Floodwaters damaged and scoured numerous small creeks and streams across northeast and eastern Nebraska, including this branch of West Bow Creek, which was flooding into surrounding fields and brushing up against bridges on Wednesday, March 13. This branch of the West Bow swamped some farmsteads downstream as it emptied into the larger main branch of Bow Creek, which empties into the Missouri River near Wynot, Neb.
Nearly a week after flooding began, water still stood in fields nearly a quarter-mile west from Bazile Creek at the Knox County seat, Center, Neb. During the height of the flooding, much of the fields within the basin of Bazile Creek were flooded. The Bazile rushes toward Niobrara, Neb., where it covered Highway 12 near a location called Maiden's Leap before emptying into the Missouri River.
Now back inside its banks, the Bazile Creek flowing just west of the Knox County Courthouse near Center, Neb., rushed beneath a bridge and flooded low-lying areas near the courthouse during the height of the flooding last week. Debris can be seen hanging in trees and shrubs within the creek basin.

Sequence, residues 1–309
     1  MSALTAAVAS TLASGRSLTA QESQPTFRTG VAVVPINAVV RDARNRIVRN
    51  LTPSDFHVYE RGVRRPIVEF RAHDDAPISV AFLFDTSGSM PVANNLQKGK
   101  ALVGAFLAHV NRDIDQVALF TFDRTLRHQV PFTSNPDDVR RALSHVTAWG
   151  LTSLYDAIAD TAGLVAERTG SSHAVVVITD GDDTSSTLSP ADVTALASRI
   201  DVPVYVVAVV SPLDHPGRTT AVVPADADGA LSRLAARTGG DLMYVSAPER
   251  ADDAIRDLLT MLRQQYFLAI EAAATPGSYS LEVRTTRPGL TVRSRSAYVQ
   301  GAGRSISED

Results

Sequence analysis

Gavins Point Dam north of Crofton, Neb., shown here Friday, March 15, when the dam was releasing 100,000 cubic feet per second of water for a short period, is the last of the flood control dams along the Missouri River. Because of the breach of the Spencer Dam on the Niobrara River, a surge of water emptied into the Missouri River and Lewis and Clark Lake from the Niobrara last week. At that time, the lake reached a record level, and the U.S. Army Corps of Engineers stopped water discharge from Fort Randall Dam upstream and allowed high releases from Gavins Point to release the unregulated water flows coming in from the flooded Niobrara basin and other flooded basins upstream from the dam. As of Wednesday, March 20, releases from Gavins Point have been decreased to 28,000 cubic feet per and may be decreased more to help alleviate flooding downstream on the Missouri River.
A flooded field near Tekamah in Burt County, Neb. For growers close to the Missouri River, flooding has become a regular occurrence over the past 10 years.
ROAD ENDS IN WATER
Although not in Nebraska, this photo taken of the East Nishnabotna River in southwest Iowa shows the extent of the flooding across the Midwest.
ROAD TO RECOVERY
With saturated fields and county roads in need of repair, one of the big issues growers face moving forward is planting — for some, even accessing fields may be a challenge.
This photo, taken in Dodge County, Neb., shows the extent of the damage to county infrastructure — some bridges and roads have been completely washed out, and it will take some time before they're repaired.
This county road in Dodge County, like a number of other county roads in flooded areas of eastern Nebraska, has been rendered impassable from heavy flooding.